Agriculture photo

This little piggy went to market. This little piggy stayed home. And this little piggy is genetically modified to poop less phosphorus, making it the most environmentally friendly pig in the world.

Like all animals, pigs’ cells need phosphorus to make DNA, build cell membranes, and transport energy. But pigs can’t digest phytate, a phosphorus-heavy molecule in grains, so farmers fortify pig feed with pure phosphate or phytase, an enzyme that breaks usable phosphate off phytate. Still, pigs excrete nearly all the phosphorus they eat, and this washes into the ocean, where it feeds bacteria and algae that create oxygen “dead zones,” a major killer of marine wildlife.

The Enviropig is the first swine (a Yorkshire, to be exact) able to digest phytate on its own. The project started a decade ago when Cecil Forsberg, a biologist at the University of Guelph in Ontario, genetically modified pigs so that their salivary glands would secrete phytase. This allows the pigs, now in their eighth generation, to get their phosphate from grains alone, and to excrete about 40 percent less of it.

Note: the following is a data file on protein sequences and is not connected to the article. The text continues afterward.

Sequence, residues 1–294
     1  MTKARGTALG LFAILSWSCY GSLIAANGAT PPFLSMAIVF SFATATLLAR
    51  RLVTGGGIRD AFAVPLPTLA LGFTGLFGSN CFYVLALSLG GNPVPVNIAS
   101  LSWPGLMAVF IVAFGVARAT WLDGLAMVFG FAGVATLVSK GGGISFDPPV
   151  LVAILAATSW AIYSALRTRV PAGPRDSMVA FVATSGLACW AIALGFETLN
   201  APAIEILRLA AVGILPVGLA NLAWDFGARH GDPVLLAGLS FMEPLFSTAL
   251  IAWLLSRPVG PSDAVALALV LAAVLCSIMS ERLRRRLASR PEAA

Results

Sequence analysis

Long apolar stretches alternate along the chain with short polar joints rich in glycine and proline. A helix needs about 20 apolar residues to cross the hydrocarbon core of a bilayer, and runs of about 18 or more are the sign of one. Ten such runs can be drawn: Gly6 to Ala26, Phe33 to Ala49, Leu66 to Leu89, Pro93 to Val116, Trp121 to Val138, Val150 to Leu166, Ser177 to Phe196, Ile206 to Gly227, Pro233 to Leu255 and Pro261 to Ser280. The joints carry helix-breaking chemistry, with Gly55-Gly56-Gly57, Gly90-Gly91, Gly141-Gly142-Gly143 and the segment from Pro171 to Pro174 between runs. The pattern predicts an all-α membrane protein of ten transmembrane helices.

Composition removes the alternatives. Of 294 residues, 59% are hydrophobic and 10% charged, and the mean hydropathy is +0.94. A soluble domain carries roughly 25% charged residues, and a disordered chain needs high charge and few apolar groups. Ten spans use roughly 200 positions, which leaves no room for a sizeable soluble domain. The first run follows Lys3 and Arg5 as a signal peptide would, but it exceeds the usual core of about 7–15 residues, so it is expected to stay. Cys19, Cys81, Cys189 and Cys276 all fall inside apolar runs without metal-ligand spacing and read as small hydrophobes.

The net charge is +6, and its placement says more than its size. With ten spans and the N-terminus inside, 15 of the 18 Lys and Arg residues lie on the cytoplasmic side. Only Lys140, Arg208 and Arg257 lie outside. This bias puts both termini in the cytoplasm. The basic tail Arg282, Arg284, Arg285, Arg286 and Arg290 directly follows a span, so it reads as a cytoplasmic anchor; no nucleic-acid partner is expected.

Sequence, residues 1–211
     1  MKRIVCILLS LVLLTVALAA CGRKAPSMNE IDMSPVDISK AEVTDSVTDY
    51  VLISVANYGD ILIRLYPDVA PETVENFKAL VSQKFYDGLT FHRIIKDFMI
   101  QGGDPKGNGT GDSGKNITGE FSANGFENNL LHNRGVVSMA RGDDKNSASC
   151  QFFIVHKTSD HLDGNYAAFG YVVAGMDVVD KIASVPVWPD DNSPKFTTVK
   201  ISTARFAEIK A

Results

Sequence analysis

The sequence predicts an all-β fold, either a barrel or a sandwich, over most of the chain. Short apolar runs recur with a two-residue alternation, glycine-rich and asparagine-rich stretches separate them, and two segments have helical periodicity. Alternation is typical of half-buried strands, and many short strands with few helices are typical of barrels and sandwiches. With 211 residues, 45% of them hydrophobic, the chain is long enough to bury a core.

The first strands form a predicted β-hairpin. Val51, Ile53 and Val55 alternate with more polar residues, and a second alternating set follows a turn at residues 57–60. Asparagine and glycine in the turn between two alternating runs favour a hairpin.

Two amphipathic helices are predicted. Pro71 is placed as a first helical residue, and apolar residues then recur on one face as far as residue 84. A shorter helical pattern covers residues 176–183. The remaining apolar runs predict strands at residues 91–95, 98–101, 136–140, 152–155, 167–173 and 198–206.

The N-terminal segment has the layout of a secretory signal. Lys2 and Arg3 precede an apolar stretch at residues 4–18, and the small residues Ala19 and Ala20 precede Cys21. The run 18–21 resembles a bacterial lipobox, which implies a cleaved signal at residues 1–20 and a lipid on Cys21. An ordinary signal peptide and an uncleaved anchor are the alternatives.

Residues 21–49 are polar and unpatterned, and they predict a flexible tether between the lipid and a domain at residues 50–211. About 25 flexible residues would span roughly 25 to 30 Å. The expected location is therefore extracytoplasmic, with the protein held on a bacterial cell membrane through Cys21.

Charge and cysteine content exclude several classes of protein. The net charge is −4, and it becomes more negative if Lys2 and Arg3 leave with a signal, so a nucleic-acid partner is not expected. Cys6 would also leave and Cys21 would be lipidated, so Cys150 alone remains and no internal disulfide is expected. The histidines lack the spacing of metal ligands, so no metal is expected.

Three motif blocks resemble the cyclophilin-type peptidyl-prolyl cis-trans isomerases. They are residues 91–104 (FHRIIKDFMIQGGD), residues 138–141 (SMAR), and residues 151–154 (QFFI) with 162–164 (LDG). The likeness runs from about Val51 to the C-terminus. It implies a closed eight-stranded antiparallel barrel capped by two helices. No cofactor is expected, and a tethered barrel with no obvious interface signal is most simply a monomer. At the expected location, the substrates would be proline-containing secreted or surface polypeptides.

Switching to Enviropig herds will be expensive for farmers, Forsberg says, but in the long run subtracting supplements will save $1.75 per pig annually—a windfall for a 100,000-pig farm. He is currently petitioning the U.S. Department of Agriculture and Health Canada for permission to serve Enviropig meat. “Unfortunately, it is illegal for us to do taste tests at this time, despite the temptation,” he says. “But I expect they’ll taste quite good.”

Inside the Enviropig

1. Make the enzyme
As the pig chews, the Escherichia coli genes implanted in its salivary glands begin promoting phytase production.

2. Break up the pollutant
Phytase begins breaking phytate into digestible phosphate in the mouth, but it really ramps up its activity when it hits the stomach’s strong acid.

3. Poop and pee away!
Because they don’t need phosphate supplements, Enviropigs excrete 30 to 65 percent less phosphorus.